By Jill Jaracz


5 Min. To Read

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Hop onto the Dark Web, and you'll be able to buy millions of credit card numbers, as hackers and thieves continue to thwart systems and steal consumer information. However, an industry council hopes that by publishing new payments software security standards, the tide of stolen information could ebb.

Now, in an effort to slow down or perhaps even stop the number of breaches that result in credit card theft, the PCI Security Standards Council is updating its decade-old software standards called PCI Payment Application Data Security Standards (PA-DSS) used by vendors who create payments software.

The council recently published a new PCI Software Security Framework (PCI SSF), containing both the PCI Secure Software Standard (PCI SSS) and the PCI Secure Software Lifecycle (PCI Secure SLC). This collection of standards will allow software developers to ishow that their software will protect the data that flows through it, minimize the vulnerabilities that hackers exploit and protect against attacks when they occur. Software vendors will also be able to show that they're able to implement security management throughout the lifecycle of their software.

"I was particularly pleased to see the emphasis on integrating security into the software development process rather than attempting to assure security by after-the-fact testing," said Steve Lipner, executive director of the Software Assurance Forum for Excellence in Code (SAFECode), in a statement

PCI SSC interviewed its chief technology officer Troy Leach, who said that the new standards address the fact that software development practices are different than they were in 2008, so the standards provide "an alternative approach for assessing software security. The PCI Software Security Framework introduces objective-focused security practices that can support both existing ways to demonstrate good application security and a variety of newer payment platforms and development practices."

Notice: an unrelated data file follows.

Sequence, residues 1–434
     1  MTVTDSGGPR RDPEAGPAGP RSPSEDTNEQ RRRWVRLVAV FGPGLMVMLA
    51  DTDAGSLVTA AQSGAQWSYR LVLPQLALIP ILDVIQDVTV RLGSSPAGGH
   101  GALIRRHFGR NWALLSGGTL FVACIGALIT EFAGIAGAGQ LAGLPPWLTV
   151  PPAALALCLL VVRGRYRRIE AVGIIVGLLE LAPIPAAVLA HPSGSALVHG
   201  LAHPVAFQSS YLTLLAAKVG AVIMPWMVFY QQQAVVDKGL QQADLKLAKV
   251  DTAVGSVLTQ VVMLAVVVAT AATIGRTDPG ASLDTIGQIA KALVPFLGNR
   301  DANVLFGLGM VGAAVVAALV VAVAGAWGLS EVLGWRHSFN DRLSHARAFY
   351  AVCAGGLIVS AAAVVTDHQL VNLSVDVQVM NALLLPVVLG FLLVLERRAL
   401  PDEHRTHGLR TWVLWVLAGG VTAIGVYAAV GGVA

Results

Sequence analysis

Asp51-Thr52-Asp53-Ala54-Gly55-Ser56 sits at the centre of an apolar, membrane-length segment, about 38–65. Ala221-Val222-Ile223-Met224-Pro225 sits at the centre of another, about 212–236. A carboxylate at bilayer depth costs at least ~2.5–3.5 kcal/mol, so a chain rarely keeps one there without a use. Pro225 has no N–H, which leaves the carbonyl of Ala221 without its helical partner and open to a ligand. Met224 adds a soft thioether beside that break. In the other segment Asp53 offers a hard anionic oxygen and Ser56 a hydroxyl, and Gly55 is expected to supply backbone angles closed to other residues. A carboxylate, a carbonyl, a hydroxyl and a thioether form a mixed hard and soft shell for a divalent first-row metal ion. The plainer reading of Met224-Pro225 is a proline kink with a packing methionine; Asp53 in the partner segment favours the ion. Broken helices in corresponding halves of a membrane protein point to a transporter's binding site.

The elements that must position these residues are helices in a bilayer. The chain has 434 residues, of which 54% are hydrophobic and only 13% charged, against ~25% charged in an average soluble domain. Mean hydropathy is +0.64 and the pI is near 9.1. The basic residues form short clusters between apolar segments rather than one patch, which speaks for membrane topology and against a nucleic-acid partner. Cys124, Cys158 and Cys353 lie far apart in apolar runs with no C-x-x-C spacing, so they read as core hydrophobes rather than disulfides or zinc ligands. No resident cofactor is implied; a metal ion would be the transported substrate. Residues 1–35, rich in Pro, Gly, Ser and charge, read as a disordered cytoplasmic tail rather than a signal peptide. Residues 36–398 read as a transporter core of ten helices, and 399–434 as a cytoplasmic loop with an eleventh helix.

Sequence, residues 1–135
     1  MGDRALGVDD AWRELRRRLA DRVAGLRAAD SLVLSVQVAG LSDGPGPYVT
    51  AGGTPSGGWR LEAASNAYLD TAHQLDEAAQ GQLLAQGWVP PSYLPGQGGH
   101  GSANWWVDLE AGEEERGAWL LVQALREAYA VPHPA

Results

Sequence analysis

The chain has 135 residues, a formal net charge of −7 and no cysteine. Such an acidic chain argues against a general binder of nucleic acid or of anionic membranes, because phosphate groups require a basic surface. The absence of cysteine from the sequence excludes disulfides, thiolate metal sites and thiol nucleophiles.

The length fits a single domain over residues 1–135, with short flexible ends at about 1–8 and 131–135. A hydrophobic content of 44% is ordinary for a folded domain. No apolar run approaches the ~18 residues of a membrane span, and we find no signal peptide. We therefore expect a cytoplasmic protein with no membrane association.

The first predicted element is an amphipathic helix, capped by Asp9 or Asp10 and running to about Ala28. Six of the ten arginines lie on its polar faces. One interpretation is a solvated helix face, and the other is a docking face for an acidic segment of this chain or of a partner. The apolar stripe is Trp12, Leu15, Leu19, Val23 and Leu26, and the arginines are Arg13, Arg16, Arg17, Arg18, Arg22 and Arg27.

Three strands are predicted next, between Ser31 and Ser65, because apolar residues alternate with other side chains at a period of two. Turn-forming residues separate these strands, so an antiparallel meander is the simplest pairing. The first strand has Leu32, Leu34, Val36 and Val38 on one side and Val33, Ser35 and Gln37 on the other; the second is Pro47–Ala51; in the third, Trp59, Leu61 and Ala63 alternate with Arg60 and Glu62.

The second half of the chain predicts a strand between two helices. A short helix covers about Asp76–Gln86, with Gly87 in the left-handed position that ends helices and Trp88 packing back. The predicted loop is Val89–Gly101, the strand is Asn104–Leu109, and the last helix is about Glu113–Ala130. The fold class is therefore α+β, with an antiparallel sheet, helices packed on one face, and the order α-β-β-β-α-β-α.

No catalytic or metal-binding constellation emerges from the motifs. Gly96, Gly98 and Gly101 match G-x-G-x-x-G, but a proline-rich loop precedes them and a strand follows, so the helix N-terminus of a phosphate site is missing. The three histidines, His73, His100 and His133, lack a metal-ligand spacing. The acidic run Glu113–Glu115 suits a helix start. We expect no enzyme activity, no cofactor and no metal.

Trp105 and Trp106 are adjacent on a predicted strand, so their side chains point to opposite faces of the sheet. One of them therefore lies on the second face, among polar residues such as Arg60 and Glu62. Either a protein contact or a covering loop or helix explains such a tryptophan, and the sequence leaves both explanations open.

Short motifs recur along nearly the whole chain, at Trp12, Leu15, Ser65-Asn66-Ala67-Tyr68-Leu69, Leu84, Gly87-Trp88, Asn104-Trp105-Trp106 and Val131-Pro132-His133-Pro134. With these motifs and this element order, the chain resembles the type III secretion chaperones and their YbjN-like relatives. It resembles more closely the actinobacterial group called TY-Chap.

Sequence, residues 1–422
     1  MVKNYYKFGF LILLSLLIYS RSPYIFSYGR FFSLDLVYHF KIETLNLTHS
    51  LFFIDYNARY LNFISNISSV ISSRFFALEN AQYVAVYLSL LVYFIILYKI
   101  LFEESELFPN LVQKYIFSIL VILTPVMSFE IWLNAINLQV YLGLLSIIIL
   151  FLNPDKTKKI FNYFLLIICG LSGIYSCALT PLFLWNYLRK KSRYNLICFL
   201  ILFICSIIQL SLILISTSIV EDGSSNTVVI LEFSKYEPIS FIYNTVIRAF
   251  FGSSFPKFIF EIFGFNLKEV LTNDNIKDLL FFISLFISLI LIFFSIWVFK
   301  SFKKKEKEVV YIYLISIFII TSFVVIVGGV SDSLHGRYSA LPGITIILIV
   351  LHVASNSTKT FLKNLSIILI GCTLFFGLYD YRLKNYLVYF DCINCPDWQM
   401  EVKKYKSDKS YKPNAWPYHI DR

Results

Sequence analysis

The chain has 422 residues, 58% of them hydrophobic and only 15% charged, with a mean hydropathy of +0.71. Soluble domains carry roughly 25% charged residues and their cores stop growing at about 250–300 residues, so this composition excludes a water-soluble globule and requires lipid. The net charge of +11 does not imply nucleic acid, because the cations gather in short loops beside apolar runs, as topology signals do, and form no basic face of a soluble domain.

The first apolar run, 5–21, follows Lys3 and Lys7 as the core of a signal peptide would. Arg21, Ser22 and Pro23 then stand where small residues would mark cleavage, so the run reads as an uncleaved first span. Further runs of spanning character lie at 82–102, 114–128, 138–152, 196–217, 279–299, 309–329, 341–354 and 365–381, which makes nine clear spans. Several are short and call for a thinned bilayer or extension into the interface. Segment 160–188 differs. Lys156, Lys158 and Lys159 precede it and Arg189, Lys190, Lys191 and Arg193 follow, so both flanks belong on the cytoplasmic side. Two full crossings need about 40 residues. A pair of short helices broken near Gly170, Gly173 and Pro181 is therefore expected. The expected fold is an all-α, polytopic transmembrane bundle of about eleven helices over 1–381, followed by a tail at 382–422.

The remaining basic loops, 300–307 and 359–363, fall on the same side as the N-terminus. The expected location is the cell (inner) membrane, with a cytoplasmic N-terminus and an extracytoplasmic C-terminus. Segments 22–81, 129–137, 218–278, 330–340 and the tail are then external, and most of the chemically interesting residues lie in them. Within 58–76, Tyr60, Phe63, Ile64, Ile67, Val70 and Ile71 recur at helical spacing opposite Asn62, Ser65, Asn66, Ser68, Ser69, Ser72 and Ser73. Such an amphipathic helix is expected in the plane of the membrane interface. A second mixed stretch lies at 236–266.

The standards hope to protect the integrity and confidentiality payment transactions and their data on a variety of platforms, many of which, such as mobile and wearable payments, weren't around when the last standards were developed.

"Innovation in payments is moving at an incredible pace. Each advancement provides the industry the opportunity to develop applications more quickly and efficiently than before and to design software for new platforms for payment acceptance," said Leach in a statement. "The new PCI Secure Software Standard and PCI Secure SLC Standard support this evolution in payment software practices by providing a dynamic way for developers to demonstrate their software protects payment data for the next generation of applications."

Even though EMV chip cards were supposed to curb credit card theft--and Visa says that merchants who have upgraded to this technology have seen their counterfeit fraud dollars decrease by 80 percent in the three years since EMV was first introduced--the Dark Web is still flooded with stolen credit card numbers.

Last year, Gemini Advisory found that 60 million US payment cards had been compromised in a twelve-month period. Seventy-five percent of these were stolen from card-present payments, the exact type of fraud EMV is supposed to stop. While the card-present fraud exists because many merchants still haven't upgraded their payment terminals, card-not-present fraud--i.e.--online payments--is also on the rise, with hackers targeting e-commerce sites to steal consumer card information.

While it's a step in the right direction, that step will be a while in coming. The new PCI standards and their validation and qualification programs will be launched later this year. However, much like the long period of time that EMV went through in order to achieve integration, the current PA-DSS will be supported until 2022, when it will be fully phased out.

An industry council hopes that by publishing new payments software security standards, the tide of stolen credit card information could ebb.

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